Jim Santos:

Much of the day-to-day life that I have seen outside of the US is much more focused on local events. For the most part, they are concerned with things that directly affect them and their families. What is happening in their village or neighborhood is of greater concern than what is happening in their nation's capital or around the world. The prices in the local markets, not the stock market, are on their minds. Speaking of which, in the US, about 55% of households own stock. However, most of us own very small amounts. It's estimated that in 2016, the wealthiest 10% controlled as much as 84% of all stocks.

Jim Santos:

So why is it so breathlessly reported every day in the media? Why are there tickers running under the screen on cable news? Why are there so many shows dedicated to what is up, what is down and what it all means for the future? Personally, I think it is because of what Nobel Prize winning economist Paul Kr all means for the future. Personally, I think it is because of what Nobel Prize-winning economist Paul Krugman says about the stock market it has no relationship to the economy as a whole and it runs purely on greed and fear. In other words, it makes good television. It's easy to cause panics, to drop prices, buy up stock and then announce that the crisis is over and watch the prices go back up, which brings me back to where I started, ranting about the weaning away from television.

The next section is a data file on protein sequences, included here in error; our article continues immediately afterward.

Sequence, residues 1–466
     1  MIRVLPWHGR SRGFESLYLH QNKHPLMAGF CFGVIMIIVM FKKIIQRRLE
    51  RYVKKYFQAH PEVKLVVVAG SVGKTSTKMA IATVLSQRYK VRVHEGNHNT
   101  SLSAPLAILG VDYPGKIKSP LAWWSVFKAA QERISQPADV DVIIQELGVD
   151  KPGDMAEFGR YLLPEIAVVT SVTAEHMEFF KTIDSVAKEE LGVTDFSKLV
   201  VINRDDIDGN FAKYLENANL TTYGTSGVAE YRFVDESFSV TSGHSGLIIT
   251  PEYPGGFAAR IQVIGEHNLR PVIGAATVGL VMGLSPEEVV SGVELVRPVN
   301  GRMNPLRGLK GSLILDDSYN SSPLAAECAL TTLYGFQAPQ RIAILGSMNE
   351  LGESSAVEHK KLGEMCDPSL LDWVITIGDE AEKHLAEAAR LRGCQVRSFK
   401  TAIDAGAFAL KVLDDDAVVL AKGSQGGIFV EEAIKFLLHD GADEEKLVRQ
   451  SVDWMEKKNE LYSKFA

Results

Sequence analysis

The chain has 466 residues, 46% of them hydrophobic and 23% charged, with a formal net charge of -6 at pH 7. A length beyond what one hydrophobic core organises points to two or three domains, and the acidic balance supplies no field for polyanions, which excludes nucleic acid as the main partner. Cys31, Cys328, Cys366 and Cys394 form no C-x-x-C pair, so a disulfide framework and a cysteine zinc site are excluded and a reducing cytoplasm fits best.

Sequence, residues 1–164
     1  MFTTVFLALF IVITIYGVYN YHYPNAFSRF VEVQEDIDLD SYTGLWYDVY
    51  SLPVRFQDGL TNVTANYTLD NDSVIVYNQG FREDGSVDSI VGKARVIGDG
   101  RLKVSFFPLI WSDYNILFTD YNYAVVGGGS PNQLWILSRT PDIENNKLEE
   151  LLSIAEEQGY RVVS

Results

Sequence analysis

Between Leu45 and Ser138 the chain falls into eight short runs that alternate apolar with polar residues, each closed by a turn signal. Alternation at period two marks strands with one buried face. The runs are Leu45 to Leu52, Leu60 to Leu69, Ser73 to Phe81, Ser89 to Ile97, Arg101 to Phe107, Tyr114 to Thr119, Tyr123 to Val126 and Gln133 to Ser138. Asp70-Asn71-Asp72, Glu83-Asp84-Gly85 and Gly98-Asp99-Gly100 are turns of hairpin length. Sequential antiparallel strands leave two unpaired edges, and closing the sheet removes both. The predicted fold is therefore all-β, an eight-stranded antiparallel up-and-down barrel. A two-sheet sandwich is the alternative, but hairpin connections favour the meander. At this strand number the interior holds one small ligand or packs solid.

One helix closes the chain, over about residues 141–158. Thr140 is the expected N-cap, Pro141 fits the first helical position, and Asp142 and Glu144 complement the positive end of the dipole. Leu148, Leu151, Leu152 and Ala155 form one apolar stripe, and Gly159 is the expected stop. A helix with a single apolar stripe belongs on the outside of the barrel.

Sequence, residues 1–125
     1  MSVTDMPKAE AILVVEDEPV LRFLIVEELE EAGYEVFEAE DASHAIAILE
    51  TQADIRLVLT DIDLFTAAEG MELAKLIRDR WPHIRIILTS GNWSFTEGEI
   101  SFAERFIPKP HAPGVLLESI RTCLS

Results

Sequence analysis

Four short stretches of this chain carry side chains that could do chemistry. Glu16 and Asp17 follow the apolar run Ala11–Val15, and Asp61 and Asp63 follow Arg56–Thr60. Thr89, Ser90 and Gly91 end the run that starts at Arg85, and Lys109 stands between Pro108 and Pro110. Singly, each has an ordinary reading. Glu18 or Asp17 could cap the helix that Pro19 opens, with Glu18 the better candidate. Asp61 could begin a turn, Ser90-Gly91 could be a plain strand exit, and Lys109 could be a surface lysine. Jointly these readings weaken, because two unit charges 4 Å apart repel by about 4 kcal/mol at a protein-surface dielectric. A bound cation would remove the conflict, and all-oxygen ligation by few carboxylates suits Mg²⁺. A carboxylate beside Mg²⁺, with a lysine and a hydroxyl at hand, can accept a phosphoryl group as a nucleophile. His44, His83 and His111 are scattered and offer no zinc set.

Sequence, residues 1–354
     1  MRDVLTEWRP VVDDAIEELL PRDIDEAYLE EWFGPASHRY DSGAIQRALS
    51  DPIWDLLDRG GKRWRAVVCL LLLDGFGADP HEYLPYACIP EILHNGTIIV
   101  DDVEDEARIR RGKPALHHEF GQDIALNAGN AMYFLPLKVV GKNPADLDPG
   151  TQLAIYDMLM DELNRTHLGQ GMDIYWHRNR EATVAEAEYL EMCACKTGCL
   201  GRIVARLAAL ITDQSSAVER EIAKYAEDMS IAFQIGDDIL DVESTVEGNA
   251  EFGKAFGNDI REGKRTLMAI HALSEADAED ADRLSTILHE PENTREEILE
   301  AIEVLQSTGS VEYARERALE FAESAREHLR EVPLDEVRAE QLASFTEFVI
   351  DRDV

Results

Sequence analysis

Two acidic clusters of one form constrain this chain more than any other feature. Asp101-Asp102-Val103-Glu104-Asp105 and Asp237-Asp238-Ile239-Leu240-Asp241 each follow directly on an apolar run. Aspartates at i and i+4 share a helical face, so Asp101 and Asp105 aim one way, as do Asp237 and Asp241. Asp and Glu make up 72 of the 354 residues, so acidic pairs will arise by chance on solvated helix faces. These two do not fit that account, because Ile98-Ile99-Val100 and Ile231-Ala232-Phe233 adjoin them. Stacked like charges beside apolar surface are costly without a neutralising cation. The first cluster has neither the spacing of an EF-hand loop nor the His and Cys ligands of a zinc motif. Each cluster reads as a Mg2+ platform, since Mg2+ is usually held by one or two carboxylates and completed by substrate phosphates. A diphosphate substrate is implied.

Jim Santos:

Believe it or not, tv is not the main focus of life for families in other nations. True telenovelas, the uber-dramatic Hispanic soap operas, are popular in Ecuador, but the TV is most commonly used to watch football games. Much more emphasis is put on spending time with friends and family over meals or drinks than spending it staring at talking heads telling you what you should think or what you should be outraged about. Today, contrast that with our visits to the States, where our family and friends have a TV on almost all day. It is a constant presence for many all across the country. Even if it's just droning on in the background, it's become a convenient babysitter and a substitute for conversation far too much, as I see it. Throwaway Culture.

Jim Santos:

How was your trip to the States? Our friends in Ecuador usually ask, and it's sometimes hard to frame a simple answer. It's always great seeing family and friends. Manicured and landscaped lawns are a treat, and it's almost scary how easy it is to communicate when everyone is speaking English all the time and, as I've written before, I always appreciate what we have when I return. But there are other things, unsettling things, that we notice as well.

Jim Santos: